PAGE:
Last week while hike/jogging (an activity I would now not recommend) with my rat-dog Oliver, I fell and hurt my right arm pretty badly.
Let me rephrase that.
Last week, an idiot adult with an untrained dog who cannot walk in a straight line, decided to run up a rocky hill, and unsurprisingly fell when her dog saw a bird, got excited, and tripped her. This resulted in a fucked up right arm that required 8 stitches. That idiot was me.
I have only run a couple of times in the last 10 years, once I hurt my ankle on a slippery netball court, and most recently, the Arm-ageddin. In conclusion, I should not run. No one should. Running = Death.
Thank you for coming to my TED Talk.
In all seriousness, hurting myself was a real shock to the system. So shocking in-fact that at first, I did not realize how bad the situation was.
I managed to trip at a spot at Fryman Canyon that was exactly the furthest away mid-point from my car and cell phone reception. What a genius.
Thankfully I tripped and fell in front of about 7 people. All of whom rushed to my aide. It actually makes me a little bit emotional thinking about how people can just be nice and help you when you’re covered in dirt and blood, but more on that in a moment.
Covered in my own blood, and steadily bleeding more, I drove myself to the office first, dropped said rat-dog, called insurance to figure out where I was allowed to go (thanks America) and then drove myself to Urgent care.
Despite the pain, the blood and the general sense of foreboding, I kept telling myself everything was fine and it was BUT A SCRATCH. Sobbing hysterically and hyperventilating, as blood drips onto your steering wheel is just a normal part of life right?
Within five minutes of sitting down with Doctor I was told, sorry babe, you’re shit out of luck. The Doc could see the fat layer through my cleaned up oozing gash. And apparently, that isn’t a good sign. I am scared of needles, so my immediate and totally normal reaction was to start vibrating from head to toe. Everything is fine. No stitches needed. I am good thanks.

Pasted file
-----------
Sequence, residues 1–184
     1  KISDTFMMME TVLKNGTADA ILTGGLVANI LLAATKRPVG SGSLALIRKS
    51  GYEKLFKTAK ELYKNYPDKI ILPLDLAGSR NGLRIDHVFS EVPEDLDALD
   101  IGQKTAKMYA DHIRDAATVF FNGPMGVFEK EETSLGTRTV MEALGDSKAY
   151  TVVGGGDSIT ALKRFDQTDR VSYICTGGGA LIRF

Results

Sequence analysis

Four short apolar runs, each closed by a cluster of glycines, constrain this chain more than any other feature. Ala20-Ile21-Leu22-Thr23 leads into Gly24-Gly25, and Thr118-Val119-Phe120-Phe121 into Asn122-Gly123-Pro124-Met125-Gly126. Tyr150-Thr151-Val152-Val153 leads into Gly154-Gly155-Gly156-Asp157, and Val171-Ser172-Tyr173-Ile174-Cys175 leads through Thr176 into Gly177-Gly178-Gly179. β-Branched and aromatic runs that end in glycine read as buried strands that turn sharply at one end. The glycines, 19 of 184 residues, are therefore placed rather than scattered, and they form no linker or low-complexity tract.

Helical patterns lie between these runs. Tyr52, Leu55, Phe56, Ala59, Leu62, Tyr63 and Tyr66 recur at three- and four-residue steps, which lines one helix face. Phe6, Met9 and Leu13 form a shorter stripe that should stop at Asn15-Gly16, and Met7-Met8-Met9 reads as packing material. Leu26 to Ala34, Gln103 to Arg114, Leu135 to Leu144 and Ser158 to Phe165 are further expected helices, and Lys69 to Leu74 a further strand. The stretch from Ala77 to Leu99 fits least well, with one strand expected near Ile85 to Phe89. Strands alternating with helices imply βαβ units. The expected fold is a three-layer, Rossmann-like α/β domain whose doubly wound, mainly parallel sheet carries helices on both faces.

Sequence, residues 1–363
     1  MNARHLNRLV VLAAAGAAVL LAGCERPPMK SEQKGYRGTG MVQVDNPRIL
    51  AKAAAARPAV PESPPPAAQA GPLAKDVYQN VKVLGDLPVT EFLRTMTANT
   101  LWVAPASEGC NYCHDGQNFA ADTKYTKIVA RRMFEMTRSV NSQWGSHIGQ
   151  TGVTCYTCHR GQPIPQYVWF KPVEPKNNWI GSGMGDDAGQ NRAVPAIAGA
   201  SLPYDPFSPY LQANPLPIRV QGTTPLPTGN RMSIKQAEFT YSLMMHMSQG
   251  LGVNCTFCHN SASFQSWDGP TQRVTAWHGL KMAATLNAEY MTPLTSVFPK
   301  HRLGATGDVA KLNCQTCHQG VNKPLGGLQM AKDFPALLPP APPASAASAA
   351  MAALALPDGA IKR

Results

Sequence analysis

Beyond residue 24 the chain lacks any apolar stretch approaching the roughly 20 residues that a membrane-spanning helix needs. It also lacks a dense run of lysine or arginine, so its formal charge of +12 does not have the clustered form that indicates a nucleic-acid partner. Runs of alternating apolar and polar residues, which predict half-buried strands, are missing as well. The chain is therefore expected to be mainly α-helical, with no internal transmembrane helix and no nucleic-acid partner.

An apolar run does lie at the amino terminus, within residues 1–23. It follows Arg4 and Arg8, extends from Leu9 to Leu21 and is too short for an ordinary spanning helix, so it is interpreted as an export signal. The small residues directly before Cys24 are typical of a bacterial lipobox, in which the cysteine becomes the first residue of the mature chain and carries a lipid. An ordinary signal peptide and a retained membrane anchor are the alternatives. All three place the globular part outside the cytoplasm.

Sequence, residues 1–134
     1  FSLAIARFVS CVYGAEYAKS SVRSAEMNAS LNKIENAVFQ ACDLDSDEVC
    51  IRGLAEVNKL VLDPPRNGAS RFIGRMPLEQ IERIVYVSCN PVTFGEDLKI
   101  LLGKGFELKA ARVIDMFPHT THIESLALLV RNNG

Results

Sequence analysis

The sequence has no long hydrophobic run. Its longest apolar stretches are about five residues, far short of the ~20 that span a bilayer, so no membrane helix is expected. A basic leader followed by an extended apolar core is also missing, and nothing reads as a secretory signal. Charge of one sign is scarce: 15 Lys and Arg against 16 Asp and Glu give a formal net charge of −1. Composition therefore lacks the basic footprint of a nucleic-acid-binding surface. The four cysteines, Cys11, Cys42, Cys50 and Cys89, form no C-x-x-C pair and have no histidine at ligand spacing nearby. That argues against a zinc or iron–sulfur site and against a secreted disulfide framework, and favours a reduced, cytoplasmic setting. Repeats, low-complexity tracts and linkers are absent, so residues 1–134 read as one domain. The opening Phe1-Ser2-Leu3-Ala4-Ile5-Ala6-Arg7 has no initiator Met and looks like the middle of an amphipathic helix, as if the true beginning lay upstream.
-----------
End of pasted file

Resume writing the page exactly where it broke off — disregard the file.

Total sidebar to this story that maybe one of my medically inclined pals can enlighten me on. Before I sat down on the paper covered recliner to have the doctor inspect my pastrami sandwich elbow, the kind nurse weighed me and asked me my height.
It wasn’t like I was coming in for a check-up or some unknown illness. The point of my visit was very clear, as a trail of blood droplets (am I anemic?!) led from the chair I waited in, to the weighing machine, to the room where my new found doctor friends were like, AH! The source of your pain is this tomato sauce pasta dish that once was the side of your arm.
I have not hurt myself badly in a long time (well, physically anyway, after all what is this blog if not a collection of baggage-y stories) so I wasn’t really sure how to handle this situation totally. I am one of those people that has never broken a bone (touch wood), nor had stitches in the past. In fact the two major surgeries of my life were getting my tonsils out at age 11 and getting my wisdom teeth out at 19. I guess looking at those ages, I was a couple of years overdue for some needle stabbing.
I hate to make people uncomfortable so I go into joke telling mode: HAVE YOU HEARD THE ONE ABOUT THE VEAL PARMIGIANA ELBOW GIRL? No? Okay I’ll just cry a bit more like a big ol’ baby. Is that cool? Thanks!
The point of this blog is to mainly find as many disgusting and visually repulsive food metaphors for my banged up arm as possible, but also to leave your day with this small uplifting tidbit:
The couple that helped me down the mountain were strangers to me. As I sobbed and cradled my raspberry jam burnt crumpet of an elbow, they distracted me by telling me about their lives and industry jobs. I could barely remember anything but one fact: where the guy half of the couple worked.
After the stitches and antibiotics had been dispensed, I felt bad that I had never gotten their contact info. BUT, with the power of social media and the small network that we call LA, I was able to find them, get their address, and send them a thank you card (that is winging its way there now).
My tumble SUCKED ass. But in a way, it was beautiful because it made me realize how many people were willing to lend a hand (because mine was useless) and it reminded me that when you hurt, there are still good people.
Thank you for reading my elbow recipe.